Adidas Knocks Soccer Heroes Off Their Pedestal in Debut Campaign From 72andSunny

Work Challenges Aspiring Athletes to 'Create Your Own'

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Adidas knocks soccer giants off their pedestal in the brand's first work to debut out of new agency 72andSunny. The new ad, "Create Your Own," shows an aspiring football pro leveraging his creative skills to take on some of the sport's icons including Leo Messi, Gareth Bale, Thomas Muller, Mesut Ozil and James Rodriguez -- and even NBA pro Ricky Rubio.

"These are not just my heroes anymore; they're my competition," the young athlete says in the ad.

Directed by Smuggler's Henry-Alex Rubin, the spot touts the message that athletes need to "unfollow your heroes" and carve out their own path in order to achieve greatness.

"The game of soccer has changed and we want to celebrate the new, the different, the rule makers and innovators," Eric Liedtke, Adidas board member responsible for global brands, said in a statement. "'Create Your Own Game' is a compelling concept, inspiring the creators of today to push the game forward. It encapsulates the brand's vision that is relevant to all sports and athletes and encourages creators to think differently, take inspiration from heroes, but ultimately create their own game."

The new ad is part of the next phase of the Sport15 campaign that began in February with former agency 180 L.A. According to the statement, the 72andSunny work "represents a complete shift in how Adidas communicates as a company." The agency won the Adidas global account in March without a review and will be responsible for the brand's worldwide messages across a number of sports.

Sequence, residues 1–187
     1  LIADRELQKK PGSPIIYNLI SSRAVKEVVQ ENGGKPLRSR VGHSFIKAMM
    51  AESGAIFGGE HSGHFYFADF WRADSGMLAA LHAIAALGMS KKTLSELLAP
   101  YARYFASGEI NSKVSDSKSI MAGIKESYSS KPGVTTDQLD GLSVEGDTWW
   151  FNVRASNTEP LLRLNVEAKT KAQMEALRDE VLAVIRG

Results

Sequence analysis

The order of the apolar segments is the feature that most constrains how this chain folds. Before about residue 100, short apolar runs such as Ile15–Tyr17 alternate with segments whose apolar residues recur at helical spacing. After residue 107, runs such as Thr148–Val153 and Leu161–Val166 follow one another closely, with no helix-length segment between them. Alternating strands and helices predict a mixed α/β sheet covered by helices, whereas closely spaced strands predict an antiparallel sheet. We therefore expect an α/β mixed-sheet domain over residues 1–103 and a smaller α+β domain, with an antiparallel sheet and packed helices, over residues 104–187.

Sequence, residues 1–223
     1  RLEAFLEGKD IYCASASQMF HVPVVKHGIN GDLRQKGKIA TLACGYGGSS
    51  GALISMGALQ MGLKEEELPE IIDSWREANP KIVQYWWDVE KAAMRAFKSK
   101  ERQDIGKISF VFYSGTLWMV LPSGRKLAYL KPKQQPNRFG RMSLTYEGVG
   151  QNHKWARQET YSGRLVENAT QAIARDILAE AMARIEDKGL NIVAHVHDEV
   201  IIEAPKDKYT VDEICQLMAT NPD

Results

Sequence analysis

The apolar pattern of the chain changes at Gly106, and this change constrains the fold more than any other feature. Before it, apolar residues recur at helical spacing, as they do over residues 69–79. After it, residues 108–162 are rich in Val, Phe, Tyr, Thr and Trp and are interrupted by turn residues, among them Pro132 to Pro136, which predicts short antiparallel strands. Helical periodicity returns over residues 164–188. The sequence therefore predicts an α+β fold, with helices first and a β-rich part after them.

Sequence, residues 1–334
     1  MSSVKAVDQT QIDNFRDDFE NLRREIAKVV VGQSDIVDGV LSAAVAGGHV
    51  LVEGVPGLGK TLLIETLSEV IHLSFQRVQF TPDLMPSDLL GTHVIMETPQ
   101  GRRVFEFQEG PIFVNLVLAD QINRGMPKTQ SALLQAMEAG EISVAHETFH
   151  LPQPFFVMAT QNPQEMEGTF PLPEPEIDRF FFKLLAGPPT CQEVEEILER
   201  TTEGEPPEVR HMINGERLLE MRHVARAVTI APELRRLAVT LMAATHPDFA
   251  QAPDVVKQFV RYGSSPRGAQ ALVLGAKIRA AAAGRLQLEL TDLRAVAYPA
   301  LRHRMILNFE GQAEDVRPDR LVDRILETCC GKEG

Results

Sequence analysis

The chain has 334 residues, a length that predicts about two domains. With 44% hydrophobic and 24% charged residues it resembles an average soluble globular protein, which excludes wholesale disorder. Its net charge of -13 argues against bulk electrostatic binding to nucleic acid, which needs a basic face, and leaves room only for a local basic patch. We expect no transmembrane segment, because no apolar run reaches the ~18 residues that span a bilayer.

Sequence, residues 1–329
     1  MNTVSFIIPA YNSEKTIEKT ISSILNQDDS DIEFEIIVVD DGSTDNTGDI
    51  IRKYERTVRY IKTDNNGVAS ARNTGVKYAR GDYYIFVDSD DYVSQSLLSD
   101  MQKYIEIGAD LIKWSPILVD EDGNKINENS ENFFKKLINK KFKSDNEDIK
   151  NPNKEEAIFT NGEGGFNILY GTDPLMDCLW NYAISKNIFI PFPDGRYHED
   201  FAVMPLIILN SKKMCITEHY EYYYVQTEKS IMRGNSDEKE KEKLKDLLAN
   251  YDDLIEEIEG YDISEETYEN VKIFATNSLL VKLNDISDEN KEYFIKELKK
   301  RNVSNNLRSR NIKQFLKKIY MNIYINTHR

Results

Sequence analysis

According to 72andSunny CCO Glenn Cole, the challenges of the brief were to "wake up the world to the new Adidas, make a meaningful connection with next generation creators and celebrate the greatest footballer of all time."

Although the spot might be the stuff of a young footballer's wildest imagination, "we didn't set out to make a fantastical soccer ad," added Mr. Cole, whose earlier career at Wieden & Kennedy included memorable work for Nike, such as the epic 1996 ad "Good vs. Evil."

"We wanted to make a meaningful statement that would inspire footballers to unleash their personal creativity," Mr. Cole said. "Our priority was a genuine connection with the badass creative athletes, and our playground was real football culture."

As for the thinking behind putting an unknown athlete on par with the giants, Mr. Cole explained that "at some point, to become truly great, you'll have to re-cast your heroes as your competition. You'll have to be willing to take them off their pedestals to see if you merit a pedestal of your own."

The new campaign's focus on "potential greatness" seems to echo recent work for Adidas Originals, created out of Johannes Leonardo, in which Pharrell "passes the baton" of superstardom to up-and-coming artists. But Mr. Cole said any similarities are just a coincidence. "That said, I do think the line between artist and athlete is as blurry as it has ever been, and across the world, Adidas has committed itself to being a sort of open source sports brand that enables creators, whether that's Kanye or Messi, to do what they do better than anyone else -- create."

The "Create Your Own" ad will be running in more than fifty countries and will live on all channels, paid and owned, but Mr. Cole said "this is just the beginning." Up next is a another spot showcasing Leo Messi and "the unprecedented ripple effect that a once-in-a-lifetime player" has on others.

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